Day 1 Severe Weather Outlook

Valid 041200Z – 051200Z


Scattered severe thunderstorms may impact the northern High Plains,
much of the Dakotas and northern Minnesota this afternoon and
evening, posing a risk for potentially damaging wind gusts and large

Downstream of a blocking mid/upper high centered near/south of the
Gulf of Alaska, models indicate that the westerlies will trend
northwesterly during this period, across the Yukon Territory into
the central Canadian prairie provinces. Within this regime, a
significant short wave trough, currently progressing through the
Canadian prairies, appears likely to continue eastward and
southeastward, across Manitoba and adjacent portions of the
Canadian/U.S. border area into northwestern Ontario and portions of
the upper Great Lakes region by 12Z Monday. Stronger mid-level
height falls may remain north of the international border through
much of the day today, but at least some suppression of mid-level
ridging is forecast into areas south of the border, across parts of
the Upper Midwest and northern U.S. Plains this evening into the
overnight hours.

Otherwise, subtropical ridging appears likely to remain prominent
inland of the Pacific coast, centered over the Four Corners states,
but encompassing much of the Intermountain West, Rockies and
central/southern Plains. Farther east, weak mid-level troughing
will prevail within the subtropical westerlies, east of the
mid/lower Mississippi Valley into the mid and southern Atlantic
Coast region. A gradual eastward progression of the trough is
likely, but it is forecast to lag to the south and west of troughing
within the mid-latitude westerlies progressing across and east of
the Canadian Maritimes and New England.

Low-level cooling and drying associated with the lead wave in the
mid-latitude westerlies is expected to overspread much of the
Northeast today. A few thunderstorms are possible this afternoon
along or ahead of the cold front, across parts of the lower Great
Lakes region into northern Mid Atlantic and southern New England.
However, seasonably high moisture content probably will remain
confined to the Gulf and south Atlantic Coast states, with richer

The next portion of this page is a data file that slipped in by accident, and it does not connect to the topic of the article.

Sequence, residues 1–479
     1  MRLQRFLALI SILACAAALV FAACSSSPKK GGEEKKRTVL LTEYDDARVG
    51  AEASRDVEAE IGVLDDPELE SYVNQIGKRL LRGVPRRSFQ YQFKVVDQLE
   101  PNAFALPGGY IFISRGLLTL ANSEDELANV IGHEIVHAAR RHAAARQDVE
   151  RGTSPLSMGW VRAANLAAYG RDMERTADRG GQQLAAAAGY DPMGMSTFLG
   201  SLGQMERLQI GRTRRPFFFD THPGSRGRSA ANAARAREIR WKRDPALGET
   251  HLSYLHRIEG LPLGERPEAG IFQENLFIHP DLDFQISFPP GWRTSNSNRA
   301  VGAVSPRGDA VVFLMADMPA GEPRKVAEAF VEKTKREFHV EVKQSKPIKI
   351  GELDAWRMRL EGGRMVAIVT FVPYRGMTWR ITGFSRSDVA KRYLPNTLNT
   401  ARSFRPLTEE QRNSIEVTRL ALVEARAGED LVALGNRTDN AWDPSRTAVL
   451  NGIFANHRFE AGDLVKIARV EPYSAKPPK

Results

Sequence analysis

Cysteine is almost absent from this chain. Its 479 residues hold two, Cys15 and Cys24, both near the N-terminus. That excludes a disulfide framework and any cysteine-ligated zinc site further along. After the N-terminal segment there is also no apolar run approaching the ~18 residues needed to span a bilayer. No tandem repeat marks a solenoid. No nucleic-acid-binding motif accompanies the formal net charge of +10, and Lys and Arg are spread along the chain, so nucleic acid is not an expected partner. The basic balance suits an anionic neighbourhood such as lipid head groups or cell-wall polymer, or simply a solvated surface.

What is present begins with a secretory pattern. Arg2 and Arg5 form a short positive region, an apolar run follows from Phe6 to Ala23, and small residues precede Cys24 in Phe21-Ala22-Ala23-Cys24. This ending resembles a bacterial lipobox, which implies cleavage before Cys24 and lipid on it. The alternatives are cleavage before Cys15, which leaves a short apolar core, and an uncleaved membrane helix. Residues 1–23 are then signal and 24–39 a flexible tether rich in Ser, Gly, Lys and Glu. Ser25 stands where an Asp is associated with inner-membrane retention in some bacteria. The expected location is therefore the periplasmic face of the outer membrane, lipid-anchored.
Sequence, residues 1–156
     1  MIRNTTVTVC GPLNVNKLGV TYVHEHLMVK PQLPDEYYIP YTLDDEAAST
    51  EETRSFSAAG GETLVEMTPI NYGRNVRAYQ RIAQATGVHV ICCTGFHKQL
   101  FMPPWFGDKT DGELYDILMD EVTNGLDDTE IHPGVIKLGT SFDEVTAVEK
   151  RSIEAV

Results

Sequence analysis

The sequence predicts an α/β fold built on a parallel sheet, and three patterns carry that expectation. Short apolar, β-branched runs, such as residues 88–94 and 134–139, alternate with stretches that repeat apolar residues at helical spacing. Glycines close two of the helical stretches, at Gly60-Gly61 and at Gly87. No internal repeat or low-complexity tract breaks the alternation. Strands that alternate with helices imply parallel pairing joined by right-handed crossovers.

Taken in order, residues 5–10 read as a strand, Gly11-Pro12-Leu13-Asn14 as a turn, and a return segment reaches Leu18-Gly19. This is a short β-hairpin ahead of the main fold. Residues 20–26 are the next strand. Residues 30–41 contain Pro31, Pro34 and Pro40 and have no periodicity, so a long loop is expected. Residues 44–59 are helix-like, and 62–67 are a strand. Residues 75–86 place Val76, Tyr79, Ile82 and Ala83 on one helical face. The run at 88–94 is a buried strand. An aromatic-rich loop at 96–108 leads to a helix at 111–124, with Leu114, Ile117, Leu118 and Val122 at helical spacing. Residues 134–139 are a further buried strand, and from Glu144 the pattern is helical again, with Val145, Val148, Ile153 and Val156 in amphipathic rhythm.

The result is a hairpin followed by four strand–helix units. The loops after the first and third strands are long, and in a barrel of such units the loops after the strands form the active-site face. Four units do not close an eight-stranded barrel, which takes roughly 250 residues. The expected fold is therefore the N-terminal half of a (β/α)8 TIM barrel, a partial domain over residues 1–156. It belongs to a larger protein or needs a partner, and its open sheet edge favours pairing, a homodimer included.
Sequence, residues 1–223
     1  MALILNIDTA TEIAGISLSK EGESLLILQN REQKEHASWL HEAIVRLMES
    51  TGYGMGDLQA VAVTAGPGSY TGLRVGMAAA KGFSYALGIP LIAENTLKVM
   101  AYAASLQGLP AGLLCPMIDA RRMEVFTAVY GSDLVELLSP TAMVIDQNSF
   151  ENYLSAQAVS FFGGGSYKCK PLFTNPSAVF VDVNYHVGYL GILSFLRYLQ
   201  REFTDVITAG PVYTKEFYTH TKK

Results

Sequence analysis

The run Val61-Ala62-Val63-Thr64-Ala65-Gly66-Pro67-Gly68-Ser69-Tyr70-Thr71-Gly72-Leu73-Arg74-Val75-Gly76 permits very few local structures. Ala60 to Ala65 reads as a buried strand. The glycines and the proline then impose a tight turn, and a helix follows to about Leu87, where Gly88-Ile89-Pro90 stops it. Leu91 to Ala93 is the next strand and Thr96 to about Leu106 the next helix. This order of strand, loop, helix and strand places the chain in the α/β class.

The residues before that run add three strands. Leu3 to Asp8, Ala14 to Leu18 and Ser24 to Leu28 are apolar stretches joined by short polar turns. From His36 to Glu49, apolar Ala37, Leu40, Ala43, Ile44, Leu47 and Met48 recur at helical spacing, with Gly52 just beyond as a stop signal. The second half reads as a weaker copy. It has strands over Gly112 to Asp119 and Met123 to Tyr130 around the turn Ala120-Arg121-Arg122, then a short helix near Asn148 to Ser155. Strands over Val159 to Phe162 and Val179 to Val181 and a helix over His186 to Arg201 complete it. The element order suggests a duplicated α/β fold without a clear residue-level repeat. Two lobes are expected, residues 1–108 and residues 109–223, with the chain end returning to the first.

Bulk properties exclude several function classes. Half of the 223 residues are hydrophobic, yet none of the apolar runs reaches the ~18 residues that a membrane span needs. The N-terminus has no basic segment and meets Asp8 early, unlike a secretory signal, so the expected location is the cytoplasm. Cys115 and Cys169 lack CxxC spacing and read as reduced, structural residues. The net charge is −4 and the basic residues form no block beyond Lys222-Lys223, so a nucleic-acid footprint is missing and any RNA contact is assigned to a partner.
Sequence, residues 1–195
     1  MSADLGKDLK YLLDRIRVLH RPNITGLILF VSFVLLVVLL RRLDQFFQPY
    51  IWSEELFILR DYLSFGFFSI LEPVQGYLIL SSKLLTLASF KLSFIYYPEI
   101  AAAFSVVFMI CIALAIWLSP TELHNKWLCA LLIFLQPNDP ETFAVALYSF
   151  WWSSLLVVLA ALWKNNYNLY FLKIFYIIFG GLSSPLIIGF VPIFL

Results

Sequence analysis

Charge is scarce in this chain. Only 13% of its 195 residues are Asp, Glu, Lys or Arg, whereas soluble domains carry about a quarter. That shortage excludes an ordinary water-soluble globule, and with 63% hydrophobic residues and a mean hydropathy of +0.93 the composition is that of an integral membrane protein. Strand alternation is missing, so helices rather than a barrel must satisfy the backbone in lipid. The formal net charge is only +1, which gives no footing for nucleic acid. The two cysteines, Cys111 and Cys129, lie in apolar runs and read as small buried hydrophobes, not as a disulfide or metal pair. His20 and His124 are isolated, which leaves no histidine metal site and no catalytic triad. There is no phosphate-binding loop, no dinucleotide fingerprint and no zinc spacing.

tropical moisture also in a narrow plume across southern portions of
the Florida peninsula into the western Atlantic, focused on the
western periphery of ridging over the subtropical Atlantic. This
moisture is expected to contribute to more substantive potential for
thunderstorm activity, which will be mostly diurnal in nature.

Around the western periphery of the Western subtropical high, models
suggest that there may some eastward progression of drying across
the Great Basin, but remnant monsoonal moisture may still support
fairly widespread thunderstorm activity this afternoon and evening
across the higher terrain of the eastern Great Basin into Rockies.

Lee surface troughing across the northern Plains, and a cold front
near the central Canadian/U.S. border vicinity, are expected to
provide focus for additional thunderstorms today into tonight. This
activity is expected to pose the most substantive risk for severe
wind and hail.

…Northern Plains…
There is expected to be sufficient boundary layer moisture to
support CAPE in excess of 2000 J/kg, beneath fairly steep lapse
rates associated with elevated mixed-layer air. Models suggest that
this will become focused within a corridor of stronger daytime
heating, ahead of the stalling or slow moving surface front near the
Canadian/U.S. border, and perhaps in the vicinity of a thermal low
developing near the Black Hills region. The Black Hills region
remains a little more unclear, with model output indicating
potential for early convective development, possibly aided by
forcing for ascent associated with a perturbation migrating around
the northern periphery of the subtropical ridge.

Otherwise, mid/upper forcing for ascent south of the international
border prior to this evening remains unclear, but strengthening of
westerly mid/upper flow (including 30-40 kt near or above 500 mb)
probably will contribute to sufficient deep-layer shear for
organized convection, including isolated supercells, capable of
producing severe hail and strong surface gusts. Mid-level
inhibition may weaken sufficiently near/after peak daytime heating
to support the initiation of at least scattered thunderstorm
activity, with potential for at least some upscale growth through
this evening, before boundary-layer instability wanes with the loss
of daytime heating.

..Kerr/Nausler.. 08/04/2019


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